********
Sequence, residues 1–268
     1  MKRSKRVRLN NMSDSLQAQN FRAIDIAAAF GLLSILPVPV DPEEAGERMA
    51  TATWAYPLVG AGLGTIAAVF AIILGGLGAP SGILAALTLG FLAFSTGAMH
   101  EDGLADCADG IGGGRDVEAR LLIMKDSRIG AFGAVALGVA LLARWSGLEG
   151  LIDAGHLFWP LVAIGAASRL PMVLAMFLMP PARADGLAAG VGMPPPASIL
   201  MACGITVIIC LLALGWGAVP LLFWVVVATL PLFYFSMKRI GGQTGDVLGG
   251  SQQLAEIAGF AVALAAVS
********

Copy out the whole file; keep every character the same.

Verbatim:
Sequence, residues 1–268
     1  MKRSKRVRLN NMSDSLQAQN FRAIDIAAAF GLLSILPVPV DPEEAGERMA
    51  TATWAYPLVG AGLGTIAAVF AIILGGLGAP SGILAALTLG FLAFSTGAMH
   101  EDGLADCADG IGGGRDVEAR LLIMKDSRIG AFGAVALGVA LLARWSGLEG
   151  LIDAGHLFWP LVAIGAASRL PMVLAMFLMP PARADGLAAG VGMPPPASIL
   201  MACGITVIIC LLALGWGAVP LLFWVVVATL PLFYFSMKRI GGQTGDVLGG
   251  SQQLAEIAGF AVALAAVS